In short, this all amounts to a shared programmatic effort to locate Jesus in a specific historical, geographical, and cultural setting. It represents an insistence that the Jesus whom the writers and intended readers of these Gospels reverenced (who include Gentile and Jewish believers in various locations in the Roman world), and were to see as linked with God’s purpose in a unique way, is quite definitely Jesus of Nazareth. He is not some timeless symbol, not a mythical figure of a “once upon a time,” but instead very specifically a Jew whose life and activities are geographically and chronologically located in a particular place and period of Jewish history in Roman Judea … [T]he canonical Gospels emphasize an explicit, larger “narrative world” or the story line into which they place their stories of Jesus. This narrative horizon extends both backward to include the story line of the Scriptures of Israel (Tanach/Old Testament) and forward chronologically to the eschatological triumph of God’s purposes … If the biblical sweep of the horizon “backward” in time gives the meaning-context of Jesus, the eschatological sweep of the horizon “forward” holds out the hope in which following Jesus is to be ventured, and the divine purpose that Jesus serves.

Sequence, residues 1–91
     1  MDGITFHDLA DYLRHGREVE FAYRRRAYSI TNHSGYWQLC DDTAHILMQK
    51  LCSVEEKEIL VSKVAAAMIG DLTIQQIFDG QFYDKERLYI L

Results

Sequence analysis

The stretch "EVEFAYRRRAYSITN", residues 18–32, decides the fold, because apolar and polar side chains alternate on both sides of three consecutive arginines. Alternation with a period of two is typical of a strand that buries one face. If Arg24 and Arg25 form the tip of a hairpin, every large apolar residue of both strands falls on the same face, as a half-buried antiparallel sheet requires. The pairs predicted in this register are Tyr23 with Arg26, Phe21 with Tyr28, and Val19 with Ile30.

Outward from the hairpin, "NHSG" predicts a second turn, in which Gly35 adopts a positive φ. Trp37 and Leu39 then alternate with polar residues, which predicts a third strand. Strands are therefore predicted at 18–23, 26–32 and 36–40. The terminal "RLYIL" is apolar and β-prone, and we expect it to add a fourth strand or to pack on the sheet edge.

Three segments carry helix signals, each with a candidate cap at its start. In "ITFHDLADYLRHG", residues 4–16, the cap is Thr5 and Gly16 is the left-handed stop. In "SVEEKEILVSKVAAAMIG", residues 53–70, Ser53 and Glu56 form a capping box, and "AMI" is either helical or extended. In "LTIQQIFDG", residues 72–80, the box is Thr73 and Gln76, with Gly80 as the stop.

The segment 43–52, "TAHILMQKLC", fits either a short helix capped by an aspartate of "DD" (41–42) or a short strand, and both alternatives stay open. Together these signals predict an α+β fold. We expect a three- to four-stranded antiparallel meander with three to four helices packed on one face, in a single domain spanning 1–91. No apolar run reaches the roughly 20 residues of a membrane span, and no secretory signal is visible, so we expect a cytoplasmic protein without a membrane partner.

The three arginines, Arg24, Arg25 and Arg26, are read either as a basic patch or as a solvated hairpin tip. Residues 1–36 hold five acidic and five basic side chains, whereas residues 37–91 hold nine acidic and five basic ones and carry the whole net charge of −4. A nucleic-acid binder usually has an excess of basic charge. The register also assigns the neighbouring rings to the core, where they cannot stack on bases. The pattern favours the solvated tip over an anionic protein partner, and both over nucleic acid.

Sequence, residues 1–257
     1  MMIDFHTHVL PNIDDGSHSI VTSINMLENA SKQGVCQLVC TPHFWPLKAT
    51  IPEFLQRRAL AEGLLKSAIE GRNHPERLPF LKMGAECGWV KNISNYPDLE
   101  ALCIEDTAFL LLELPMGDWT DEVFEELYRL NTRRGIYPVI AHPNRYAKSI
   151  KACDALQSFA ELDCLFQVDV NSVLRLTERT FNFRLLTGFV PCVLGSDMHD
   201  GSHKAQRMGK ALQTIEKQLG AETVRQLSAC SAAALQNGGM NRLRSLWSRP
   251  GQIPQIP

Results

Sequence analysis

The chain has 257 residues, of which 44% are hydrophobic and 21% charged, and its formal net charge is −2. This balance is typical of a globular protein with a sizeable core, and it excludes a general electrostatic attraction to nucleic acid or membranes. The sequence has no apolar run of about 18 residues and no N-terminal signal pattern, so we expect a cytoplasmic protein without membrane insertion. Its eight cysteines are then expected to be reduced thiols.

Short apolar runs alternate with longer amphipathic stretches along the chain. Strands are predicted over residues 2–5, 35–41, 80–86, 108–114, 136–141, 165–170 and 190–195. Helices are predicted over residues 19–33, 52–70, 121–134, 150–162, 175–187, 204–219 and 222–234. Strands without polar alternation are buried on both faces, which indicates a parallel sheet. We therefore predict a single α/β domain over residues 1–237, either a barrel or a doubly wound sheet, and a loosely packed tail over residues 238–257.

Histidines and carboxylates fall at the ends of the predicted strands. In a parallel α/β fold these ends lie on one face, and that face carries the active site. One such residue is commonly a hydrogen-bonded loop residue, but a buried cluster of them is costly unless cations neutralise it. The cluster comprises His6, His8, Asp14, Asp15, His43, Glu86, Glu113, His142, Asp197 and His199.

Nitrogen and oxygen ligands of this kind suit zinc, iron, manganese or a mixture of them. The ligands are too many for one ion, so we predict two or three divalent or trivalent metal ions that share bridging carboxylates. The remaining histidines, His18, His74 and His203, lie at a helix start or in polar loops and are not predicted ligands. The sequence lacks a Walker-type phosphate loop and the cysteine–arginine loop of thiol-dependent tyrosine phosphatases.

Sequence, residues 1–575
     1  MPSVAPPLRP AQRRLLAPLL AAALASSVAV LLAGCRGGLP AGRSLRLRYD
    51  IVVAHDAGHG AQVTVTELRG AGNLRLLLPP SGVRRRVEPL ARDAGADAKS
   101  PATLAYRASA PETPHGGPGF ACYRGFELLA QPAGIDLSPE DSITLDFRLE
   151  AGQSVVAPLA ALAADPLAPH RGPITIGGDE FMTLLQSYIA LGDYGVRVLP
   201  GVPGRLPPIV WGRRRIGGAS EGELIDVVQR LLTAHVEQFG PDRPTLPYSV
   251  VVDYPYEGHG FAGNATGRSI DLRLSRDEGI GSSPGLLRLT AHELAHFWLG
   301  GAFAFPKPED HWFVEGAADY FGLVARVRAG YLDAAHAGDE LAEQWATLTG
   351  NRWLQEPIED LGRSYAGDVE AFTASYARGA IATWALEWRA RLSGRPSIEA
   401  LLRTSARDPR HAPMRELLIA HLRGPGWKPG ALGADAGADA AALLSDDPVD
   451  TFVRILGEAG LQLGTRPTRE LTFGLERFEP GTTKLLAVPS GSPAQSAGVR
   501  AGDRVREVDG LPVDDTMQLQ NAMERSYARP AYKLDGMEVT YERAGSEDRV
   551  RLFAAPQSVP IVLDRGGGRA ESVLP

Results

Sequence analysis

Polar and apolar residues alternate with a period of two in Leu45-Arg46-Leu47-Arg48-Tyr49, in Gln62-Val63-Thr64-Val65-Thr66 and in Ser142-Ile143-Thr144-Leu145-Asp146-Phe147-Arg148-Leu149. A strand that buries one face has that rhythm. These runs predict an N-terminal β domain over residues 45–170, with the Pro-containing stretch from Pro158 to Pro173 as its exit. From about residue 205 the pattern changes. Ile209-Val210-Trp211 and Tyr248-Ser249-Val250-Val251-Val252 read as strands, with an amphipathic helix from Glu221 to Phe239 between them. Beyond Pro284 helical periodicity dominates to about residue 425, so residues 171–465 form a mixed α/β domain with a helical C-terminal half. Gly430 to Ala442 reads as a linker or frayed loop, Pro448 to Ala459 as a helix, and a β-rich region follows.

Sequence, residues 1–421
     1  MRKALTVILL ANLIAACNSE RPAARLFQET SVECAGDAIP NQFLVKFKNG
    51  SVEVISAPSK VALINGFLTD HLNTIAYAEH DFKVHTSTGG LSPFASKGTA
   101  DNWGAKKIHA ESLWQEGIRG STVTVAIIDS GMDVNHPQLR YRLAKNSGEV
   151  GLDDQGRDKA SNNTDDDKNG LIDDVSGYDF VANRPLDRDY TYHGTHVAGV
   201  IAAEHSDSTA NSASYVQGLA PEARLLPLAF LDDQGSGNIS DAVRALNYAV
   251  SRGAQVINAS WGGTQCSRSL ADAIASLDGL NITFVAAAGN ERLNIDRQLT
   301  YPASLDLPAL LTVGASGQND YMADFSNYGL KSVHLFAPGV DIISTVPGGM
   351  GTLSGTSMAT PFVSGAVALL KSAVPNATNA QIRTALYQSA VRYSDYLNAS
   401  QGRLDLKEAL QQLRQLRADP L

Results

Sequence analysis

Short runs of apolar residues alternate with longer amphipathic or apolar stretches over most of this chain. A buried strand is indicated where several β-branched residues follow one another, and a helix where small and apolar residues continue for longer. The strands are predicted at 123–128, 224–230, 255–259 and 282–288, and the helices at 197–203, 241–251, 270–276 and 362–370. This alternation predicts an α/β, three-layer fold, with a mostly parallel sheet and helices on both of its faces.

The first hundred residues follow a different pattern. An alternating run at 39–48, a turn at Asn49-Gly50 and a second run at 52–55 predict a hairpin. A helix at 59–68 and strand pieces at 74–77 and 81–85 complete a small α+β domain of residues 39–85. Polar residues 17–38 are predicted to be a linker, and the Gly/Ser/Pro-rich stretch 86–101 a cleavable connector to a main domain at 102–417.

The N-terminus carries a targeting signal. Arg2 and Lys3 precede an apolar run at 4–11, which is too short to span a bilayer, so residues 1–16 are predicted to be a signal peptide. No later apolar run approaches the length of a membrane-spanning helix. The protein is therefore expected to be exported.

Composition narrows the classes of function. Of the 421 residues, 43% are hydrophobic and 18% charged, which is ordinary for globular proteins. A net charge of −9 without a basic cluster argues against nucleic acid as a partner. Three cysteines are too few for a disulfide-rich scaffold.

We might add that all history, both ancient and modern, is interpreted. There is no unbiased reporting, nor any purely objective history, whether that is by St. Matthew, Oxford University Press, or the New York Times. Furthermore, the Gospels are not interested in brute facts, mere data, statistics, or opinion polls when it comes to Jesus. They are also theologically oriented. To the point that: “The story of Jesus is the continuation and actualization of the story of God.” Though the Gospels have an interest in the back-then-ness of Jesus, his earthly life and pre-Easter ministry, they still tell the story from the perspective of people who believe that Jesus is also the risen and exalted Lord.
Thus, the historical Jesus and the theologically significant Jesus are treated as one and the same by the Evangelists. Indeed, this is precisely why it is so difficult in the Gospels, even near impossible, to separate the Jesus of history from the Jesus of the church’s faith. It is like trying to separate red and blue from the color purple. The history of Jesus is available to us primarily, though perhaps not exclusively, through the theological testimony of the early church to Jesus. The Gospels are not just about what Jesus actually did and said, but who Jesus is and will yet be in the grand purpose of the God of Israel to bring life and justice to his creation.